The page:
In ‘Amy,’ the singer Amy Winehouse comes into clear, unsettling focus

The late singer Amy Winehouse is the subject of the documentary “Amy.”  CREDIT: A24 Films.)

It’s all too easy to revert to familiar rhetoric when the subject is Amy Winehouse. Superbly gifted, the singer also publicly grappled with addiction to alcohol and heroin, a battle with demons that seems part and parcel of many doomed creative lives, from Janis Joplin to Jimi Hendrix to Kurt Cobain.

Here’s another convenient buzzword: trainwreck. As most people familiar with her signature beehive hairstyle and dramatic cat-eye makeup know, Winehouse, who died in 2011 of alcohol poisoning, was the poster girl for the tabloid-driven culture of mass schadenfreude that was at its most gleefully vicious in the mid-aughts, pointing and laughing at a string of young women — Britney Spears, Lindsay Lohan, Miley Cyrus — before spitting them out in favor of the next horror show.

“Amy,” Asif Kapadia’s sensitive, superbly constructed, ultimately shattering documentary about Winehouse’s life and career, doesn’t traffic in the cliches of demons and trainwrecks. Rather, it interrogates them, allowing Winehouse to come into her own as a gifted, conflicted, self-destructive but deeply resilient young woman who died far too soon.

“Amy” begins with a transfixing scene, a home movie in which a 14-year-old Winehouse sings “Happy Birthday” with the unforced confidence of a natural torch singer. A later rendition of “Moon River” is just as precociously scorching. Kapadia, who directed the spellbinding 2010 car-racing documentary “Senna,” methodically takes viewers through the promising trajectory of Winehouse’s early career — publishing deals and label signings — immersing them in the vicarious thrill of discovery, artistic exploration and sudden, incandescent fame.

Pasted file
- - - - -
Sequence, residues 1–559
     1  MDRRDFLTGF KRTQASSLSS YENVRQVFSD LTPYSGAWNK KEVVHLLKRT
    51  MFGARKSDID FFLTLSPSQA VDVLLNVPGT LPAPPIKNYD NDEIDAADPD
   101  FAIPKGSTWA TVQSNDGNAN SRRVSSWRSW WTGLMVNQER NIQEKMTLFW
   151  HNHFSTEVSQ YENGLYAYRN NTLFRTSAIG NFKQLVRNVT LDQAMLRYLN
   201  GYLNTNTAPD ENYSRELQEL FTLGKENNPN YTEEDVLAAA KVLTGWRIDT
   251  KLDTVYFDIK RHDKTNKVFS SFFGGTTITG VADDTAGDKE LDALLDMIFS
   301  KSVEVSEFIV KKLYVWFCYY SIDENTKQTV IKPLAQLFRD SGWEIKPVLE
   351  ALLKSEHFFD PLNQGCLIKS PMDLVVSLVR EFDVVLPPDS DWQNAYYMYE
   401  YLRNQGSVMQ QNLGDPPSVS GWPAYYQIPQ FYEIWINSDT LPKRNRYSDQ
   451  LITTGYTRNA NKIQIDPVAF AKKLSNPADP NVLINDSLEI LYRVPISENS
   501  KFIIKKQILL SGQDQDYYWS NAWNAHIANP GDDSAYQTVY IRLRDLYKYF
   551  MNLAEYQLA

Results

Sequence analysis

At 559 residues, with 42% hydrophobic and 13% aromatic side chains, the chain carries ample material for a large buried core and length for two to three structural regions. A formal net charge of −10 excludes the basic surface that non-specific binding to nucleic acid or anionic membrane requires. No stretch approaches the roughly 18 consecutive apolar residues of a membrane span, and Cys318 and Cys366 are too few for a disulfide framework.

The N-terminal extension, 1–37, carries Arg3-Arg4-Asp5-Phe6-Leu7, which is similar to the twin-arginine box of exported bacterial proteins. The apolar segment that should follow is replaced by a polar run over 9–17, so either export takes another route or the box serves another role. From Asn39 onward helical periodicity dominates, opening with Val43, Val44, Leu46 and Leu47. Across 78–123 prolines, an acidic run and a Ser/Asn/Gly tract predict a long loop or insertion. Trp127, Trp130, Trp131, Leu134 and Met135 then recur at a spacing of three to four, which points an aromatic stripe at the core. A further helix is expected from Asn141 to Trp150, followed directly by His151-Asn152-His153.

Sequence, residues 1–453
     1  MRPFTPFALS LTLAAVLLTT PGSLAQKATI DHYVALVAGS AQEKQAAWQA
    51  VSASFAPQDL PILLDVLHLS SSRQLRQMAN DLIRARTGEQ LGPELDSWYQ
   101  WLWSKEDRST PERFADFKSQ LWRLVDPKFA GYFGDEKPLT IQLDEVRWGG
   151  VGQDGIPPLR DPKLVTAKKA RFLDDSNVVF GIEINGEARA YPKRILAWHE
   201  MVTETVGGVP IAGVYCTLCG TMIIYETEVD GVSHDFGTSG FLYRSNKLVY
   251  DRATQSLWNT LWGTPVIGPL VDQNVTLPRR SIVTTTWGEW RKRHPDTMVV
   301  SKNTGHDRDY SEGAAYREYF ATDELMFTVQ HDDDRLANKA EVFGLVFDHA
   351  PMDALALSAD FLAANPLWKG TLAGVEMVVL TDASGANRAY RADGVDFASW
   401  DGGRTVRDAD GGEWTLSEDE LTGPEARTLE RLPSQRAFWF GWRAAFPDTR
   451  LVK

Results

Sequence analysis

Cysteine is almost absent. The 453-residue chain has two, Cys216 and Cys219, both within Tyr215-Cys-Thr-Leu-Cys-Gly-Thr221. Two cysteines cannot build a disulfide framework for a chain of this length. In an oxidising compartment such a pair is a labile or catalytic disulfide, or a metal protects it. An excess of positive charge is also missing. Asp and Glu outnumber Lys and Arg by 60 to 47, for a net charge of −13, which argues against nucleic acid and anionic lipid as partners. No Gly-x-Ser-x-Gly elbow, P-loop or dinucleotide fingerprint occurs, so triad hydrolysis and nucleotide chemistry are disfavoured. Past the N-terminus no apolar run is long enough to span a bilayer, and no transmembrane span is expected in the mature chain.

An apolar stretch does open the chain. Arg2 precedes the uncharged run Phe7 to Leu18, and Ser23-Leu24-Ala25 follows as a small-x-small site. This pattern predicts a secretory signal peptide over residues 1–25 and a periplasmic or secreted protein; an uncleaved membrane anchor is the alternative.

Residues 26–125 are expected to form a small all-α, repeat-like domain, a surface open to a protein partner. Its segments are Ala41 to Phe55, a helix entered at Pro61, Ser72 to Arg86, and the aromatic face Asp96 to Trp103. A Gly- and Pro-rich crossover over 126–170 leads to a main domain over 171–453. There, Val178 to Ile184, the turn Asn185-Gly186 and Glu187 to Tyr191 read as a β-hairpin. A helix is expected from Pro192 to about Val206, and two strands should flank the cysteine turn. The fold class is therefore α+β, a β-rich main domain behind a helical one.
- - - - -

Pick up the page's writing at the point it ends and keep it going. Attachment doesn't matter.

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Just as vividly, he injects a note of doom when Winehouse meets her future husband and fellow addict, Blake Fielder-Civil. Their union would coincide with the most disastrously self-destructive chapter in Winehouse’s life.

Meticulously composed of present-day interviews and splendidly curated archival footage — Winehouse’s reaction to being compared to Dido in an early interview is priceless — “Amy” rescues Winehouse’s reputation, restoring her to her rightful place as a jazz interpreter on a par with Dinah Washington, Sarah Vaughan and Tony Bennett, whom she idolized. But it transcends the usual rise-and-fall structure of conventional nonfiction biopics.

In Kapadia’s assured and careful hands, the film becomes less a portrait of a tragic artist, whose downward spiral was exacerbated by opportunistic family members and colleagues, than a discomfiting mirror held up to her audience. The most withering passages of “Amy” portray a paparazzi-dependent press eagerly chronicling the more lurid effects of Winehouse’s afflictions, while late-night talk show hosts make sport of her eating disorder and drug problems.

These interludes make for queasy viewing in “Amy.” They also make it less about Winehouse’s addictions than the pathological compulsions of a culture that can’t get enough of demons, trainwrecks and the cruel spectacle of self-immolation. In the immortal words of Bennett, with whom Winehouse recorded her last song before she died, “Life teaches you how to live it, if you live long enough.”

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Even if it’s too late for Winehouse, Kapadia asks in “Amy,” are the rest of us learning anything at all?

Four stars. Rated R. Contains obscenity and drug references. 128 minutes.

Ratings Guide: Four stars masterpiece, three stars very good, two stars OK, one star poor, no stars waste of ti